Nothing was going to get in my way. I’d have a PhD by the time I was 30, a house, a husband, and a three-legged, diabetes-afflicted Corgi rescue named Chunk.

But after undergrad was over, I merged back into academia too soon, and got redirected into a cesspool of angst and anxiety with academics ill-equipped to deal with other people who didn’t fit a particular mold.

And floundered.

And gave up listening to the drone of “recalculating, recalculating, recalculating” echoing in my noggin.

And just kept going, pedal-to-floor, until I ran out of gas.


After a tune up and complete rebuild, professorship was a distant dot in my rear view. And I found myself traveling bumpy roads to make things work in rough economic times.

Everywhere I looked, people were stalled out. No one had the necessary parts they needed. Everyone was running past empty.

So, I made do with the little I had, and channeled The Little Engine That Could.

Then, when that “Maintenance Needed” light interrupted my “I think I can, I think I can” chanting, I had an out. Which a lot of people didn’t.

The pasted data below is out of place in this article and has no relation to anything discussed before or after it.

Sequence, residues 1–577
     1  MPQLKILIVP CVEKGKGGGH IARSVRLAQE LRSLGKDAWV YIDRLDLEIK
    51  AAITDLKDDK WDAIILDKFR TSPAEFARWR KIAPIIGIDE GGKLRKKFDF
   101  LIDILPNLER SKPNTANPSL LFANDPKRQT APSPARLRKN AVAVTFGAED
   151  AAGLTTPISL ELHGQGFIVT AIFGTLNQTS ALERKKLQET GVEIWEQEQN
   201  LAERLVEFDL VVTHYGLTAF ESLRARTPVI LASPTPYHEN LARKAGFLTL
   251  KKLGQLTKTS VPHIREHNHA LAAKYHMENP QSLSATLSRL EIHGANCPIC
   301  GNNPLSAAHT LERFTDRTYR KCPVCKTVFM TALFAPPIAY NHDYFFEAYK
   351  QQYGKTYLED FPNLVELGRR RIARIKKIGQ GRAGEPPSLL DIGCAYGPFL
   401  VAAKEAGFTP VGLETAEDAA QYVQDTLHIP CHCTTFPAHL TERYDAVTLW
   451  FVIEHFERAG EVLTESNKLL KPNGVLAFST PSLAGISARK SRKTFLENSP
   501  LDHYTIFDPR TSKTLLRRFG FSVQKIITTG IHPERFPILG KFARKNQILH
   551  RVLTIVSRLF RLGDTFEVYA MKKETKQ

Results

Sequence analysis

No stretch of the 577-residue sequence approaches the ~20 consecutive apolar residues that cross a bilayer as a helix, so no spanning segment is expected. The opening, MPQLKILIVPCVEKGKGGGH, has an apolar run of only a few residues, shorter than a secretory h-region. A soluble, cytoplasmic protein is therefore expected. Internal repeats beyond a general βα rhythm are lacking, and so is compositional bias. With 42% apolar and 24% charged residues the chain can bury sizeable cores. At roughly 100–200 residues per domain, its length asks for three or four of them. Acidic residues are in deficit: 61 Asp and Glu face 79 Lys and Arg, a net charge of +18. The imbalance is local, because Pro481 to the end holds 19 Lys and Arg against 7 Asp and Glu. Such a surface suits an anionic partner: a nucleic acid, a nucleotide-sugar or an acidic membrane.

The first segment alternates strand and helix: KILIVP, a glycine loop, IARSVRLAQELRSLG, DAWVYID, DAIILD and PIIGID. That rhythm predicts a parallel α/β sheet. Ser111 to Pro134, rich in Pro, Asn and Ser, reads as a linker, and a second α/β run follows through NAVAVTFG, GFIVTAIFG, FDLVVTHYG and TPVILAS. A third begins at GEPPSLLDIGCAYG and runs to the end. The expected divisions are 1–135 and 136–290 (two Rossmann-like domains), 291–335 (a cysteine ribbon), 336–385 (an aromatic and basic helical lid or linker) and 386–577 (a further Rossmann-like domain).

And I took it, because it was that oh-so-welcomed gas station in the middle of a desert.

But then, I got trapped there.

Stuck in some sort of bizarre mirage where everyone acknowledged that it was an absurd illusion full of delusional people. But no one left.

Until we had to.


Get lost in all of that?

Yeah, I sort of did, too. But you get my gist.

As every driver knows, it’s only a matter of time before someone cuts you off, or you get behind a wide load.

And things slow down. Sometimes, you idle. Sometimes, it’s stop and go, stop and go, stop and go until you want to pull out your hair.

Sometimes, there’s a break in the logjam, and you blow through, cutting off time and covering a lot of ground. Inevitably, though, you come to a screeching halt.

Or swerve off the road.

Or have an accident.

And things stop.

And you think, “How did this happen? I was being so careful.”

And sometimes, we’re just coasting along on cruise control, listening to our life play on like a record, and we don’t even notice that we’re slowing down for that big rig. And it’s not until others start blowing past that we realize, “Damn, I’ve been going ten miles under the speed limit for the past 55 miles.”

Or you hit a pothole and are jarred back to reality.

Back to the fact that roads can be easily traveled. But that everyone has to go their own speed. And that sometimes we’re all stuck in the same traffic jam.

That there will always be stretches where we can speed, and stretches where obstacles lie around every turn.